In a semi-related way, another mental disorder as a story contrivance was introduced, as M. Night Shyamalan’s Split had its first trailer released as well, which you can watch here. James McAvoy is suffering from a pretty severe case of personality disorder with a mix of Shyamalan-isms of fantasy and (probably) twist type reveals. You know Split is going to be beautifully shot and will at least be interesting in its absurdity, but I think it’s safe to assume that this movie will not explore the intricacies and nuances of living with a mental condition in a deft, realistic manner. And do I even want it to? I certainly enjoy unconditional violence in my movies.

Does Hollywood do a poor job representing the mentally ill, thus stigmatizing those afflicted, or am I just bad at picking examples and this is an unfortunate week for such themes in the wake of Hinckley’s polarizing release? I don’t know, but I believe I’ve narrowed down the various ways mental health is presented on screen:

The Serious Portrayal Type

Mental Disorders Most Likely Associated: Schizophrenia, substance abuse, Alzheimer’s disease, autism, depression

Examples: Leaving Las Vegas, Driving Miss Daisy, Ordinary People, Still Alice, Rain Man

Prime Example: A Beautiful Mind

Russell Crowe in A Beautiful Mind shows the audience the struggles of living with an illness where you can’t even trust your own thoughts or visions. Hollywood likes to wrap this trope around geniuses, because their brain is so big and smart that it can’t even handle all the bigness and smartness. For the most part, these portrayals treat the subject matter respectfully, while taking artistic licenses with the realism. But that’s okay. A movie is supposed to be escapism fantasy where we hopefully garner some emotional truth that can enrich our daily lives. This is Hollywood trying to be empathetic.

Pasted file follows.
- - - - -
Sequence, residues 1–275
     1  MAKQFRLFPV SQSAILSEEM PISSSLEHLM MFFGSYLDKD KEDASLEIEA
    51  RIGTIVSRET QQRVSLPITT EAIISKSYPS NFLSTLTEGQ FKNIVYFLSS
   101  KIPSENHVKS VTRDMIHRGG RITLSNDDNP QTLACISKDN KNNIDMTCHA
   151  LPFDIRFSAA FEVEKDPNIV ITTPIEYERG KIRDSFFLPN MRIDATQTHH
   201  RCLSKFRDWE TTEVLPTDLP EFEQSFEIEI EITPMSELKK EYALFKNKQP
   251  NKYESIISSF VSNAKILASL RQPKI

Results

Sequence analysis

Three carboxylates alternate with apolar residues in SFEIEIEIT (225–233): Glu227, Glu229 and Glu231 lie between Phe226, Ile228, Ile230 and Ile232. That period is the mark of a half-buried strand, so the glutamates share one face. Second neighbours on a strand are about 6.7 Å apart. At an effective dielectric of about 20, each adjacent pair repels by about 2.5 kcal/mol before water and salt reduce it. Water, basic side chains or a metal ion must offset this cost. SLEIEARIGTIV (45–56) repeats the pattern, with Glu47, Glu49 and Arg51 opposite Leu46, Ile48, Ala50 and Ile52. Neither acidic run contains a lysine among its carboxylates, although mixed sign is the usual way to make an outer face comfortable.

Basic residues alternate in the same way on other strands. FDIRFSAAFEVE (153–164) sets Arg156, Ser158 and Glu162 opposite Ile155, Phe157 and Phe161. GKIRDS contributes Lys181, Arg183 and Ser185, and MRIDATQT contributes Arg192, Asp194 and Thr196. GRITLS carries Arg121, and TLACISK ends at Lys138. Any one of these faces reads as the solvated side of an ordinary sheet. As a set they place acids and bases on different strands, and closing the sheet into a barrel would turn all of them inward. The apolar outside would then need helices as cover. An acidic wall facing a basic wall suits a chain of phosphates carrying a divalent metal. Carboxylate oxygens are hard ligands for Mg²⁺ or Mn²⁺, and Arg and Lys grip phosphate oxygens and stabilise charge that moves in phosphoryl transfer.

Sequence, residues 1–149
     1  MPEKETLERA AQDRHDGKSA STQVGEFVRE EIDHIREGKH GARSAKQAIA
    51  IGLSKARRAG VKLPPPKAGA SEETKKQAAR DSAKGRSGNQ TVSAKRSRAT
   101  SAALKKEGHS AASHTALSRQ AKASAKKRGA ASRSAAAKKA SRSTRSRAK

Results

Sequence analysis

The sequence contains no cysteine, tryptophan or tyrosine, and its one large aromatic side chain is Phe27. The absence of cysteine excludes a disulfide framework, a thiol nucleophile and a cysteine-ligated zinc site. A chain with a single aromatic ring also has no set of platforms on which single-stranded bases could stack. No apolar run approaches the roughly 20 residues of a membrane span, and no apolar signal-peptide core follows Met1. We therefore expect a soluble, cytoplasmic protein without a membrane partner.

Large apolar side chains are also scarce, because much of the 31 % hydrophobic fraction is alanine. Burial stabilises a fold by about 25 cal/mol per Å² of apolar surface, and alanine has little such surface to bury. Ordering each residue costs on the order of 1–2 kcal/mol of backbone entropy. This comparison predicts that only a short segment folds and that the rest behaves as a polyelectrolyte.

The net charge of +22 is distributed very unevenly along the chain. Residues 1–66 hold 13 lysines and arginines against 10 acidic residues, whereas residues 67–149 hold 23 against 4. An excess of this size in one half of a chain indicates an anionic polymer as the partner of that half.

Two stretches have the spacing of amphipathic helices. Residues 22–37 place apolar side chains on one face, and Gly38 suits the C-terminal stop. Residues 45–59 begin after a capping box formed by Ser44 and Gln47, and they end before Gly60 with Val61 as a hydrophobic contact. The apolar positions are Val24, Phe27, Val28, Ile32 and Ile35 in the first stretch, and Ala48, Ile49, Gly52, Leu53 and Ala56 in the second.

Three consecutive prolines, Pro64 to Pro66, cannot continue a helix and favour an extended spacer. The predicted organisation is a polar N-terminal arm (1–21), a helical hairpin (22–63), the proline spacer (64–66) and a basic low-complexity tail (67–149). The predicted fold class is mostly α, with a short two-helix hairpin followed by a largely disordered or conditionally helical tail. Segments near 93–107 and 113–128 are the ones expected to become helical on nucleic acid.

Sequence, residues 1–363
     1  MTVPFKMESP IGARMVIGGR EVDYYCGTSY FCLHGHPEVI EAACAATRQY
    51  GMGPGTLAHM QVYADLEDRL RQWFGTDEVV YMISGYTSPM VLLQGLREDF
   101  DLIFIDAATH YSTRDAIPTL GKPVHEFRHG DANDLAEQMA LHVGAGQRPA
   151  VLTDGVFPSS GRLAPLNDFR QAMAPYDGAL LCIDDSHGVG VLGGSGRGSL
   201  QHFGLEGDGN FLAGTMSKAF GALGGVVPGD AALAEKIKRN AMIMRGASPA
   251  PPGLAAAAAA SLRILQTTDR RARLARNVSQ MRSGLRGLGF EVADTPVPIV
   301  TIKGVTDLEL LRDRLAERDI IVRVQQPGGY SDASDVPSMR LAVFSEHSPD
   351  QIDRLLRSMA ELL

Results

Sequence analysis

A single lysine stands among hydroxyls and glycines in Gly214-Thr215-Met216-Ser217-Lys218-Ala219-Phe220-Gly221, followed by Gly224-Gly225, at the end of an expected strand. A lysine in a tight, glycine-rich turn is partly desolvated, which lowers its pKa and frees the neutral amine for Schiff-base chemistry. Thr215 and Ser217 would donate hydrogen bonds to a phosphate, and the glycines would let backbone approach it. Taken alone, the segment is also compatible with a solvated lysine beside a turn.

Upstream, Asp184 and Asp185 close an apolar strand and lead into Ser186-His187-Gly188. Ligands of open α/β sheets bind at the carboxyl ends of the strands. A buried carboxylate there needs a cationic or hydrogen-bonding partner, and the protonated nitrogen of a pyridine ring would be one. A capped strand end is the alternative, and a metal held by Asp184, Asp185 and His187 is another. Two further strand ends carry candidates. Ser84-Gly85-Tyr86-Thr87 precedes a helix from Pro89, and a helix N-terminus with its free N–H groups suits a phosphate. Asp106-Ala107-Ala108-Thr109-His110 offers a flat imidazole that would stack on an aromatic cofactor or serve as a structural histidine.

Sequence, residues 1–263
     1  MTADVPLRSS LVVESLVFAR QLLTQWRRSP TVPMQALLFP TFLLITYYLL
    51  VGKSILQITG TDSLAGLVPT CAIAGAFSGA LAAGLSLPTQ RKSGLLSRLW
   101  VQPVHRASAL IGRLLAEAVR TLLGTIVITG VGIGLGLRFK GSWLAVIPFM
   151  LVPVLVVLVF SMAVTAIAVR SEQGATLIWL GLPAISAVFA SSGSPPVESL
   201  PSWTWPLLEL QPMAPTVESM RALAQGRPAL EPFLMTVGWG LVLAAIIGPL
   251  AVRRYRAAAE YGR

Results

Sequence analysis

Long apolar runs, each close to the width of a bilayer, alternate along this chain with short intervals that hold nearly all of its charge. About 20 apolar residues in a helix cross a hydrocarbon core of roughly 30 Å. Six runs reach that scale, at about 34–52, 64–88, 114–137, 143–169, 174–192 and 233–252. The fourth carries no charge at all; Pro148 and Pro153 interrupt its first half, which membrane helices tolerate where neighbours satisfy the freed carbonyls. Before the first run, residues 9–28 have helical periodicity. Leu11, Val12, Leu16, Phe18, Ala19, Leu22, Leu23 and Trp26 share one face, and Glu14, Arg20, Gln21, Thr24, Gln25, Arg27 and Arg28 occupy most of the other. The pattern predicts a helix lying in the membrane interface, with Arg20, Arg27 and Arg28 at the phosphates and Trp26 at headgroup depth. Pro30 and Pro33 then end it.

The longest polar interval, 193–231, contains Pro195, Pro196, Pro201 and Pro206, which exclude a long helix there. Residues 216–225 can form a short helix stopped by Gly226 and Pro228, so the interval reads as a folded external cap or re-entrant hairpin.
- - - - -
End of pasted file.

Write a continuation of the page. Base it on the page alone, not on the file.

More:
The Loveable Oddball Character

Mental Disorders Most Likely Associated: Schizophrenia, obsessive-compulsive disorder, eating disorders, bipolar disorder, histrionic personality disorder

Examples: One Flew Over the Cuckoo’s Nest, What About Bob?, Little Miss Sunshine, Me, Myself & Irene, Silver Linings Playbook

Prime Example: K-PAX

Kevin Spacey in K-PAX thinks he’s an alien from a planet called K-PAX and makes all the other sick people believe him through charisma and not understanding how to eat fruit correctly. The movie maintains an ambiguity on whether or not he’s actually suffering from delusions, and this is why K-PAX is in this category and not the one above. Hollywood on these types doesn’t necessarily trivialize mental illness, but it loves to play some of these issues up for laughs. More often than not in these movies, love from family and friends was all that was needed for them to not be sick anymore. Yay!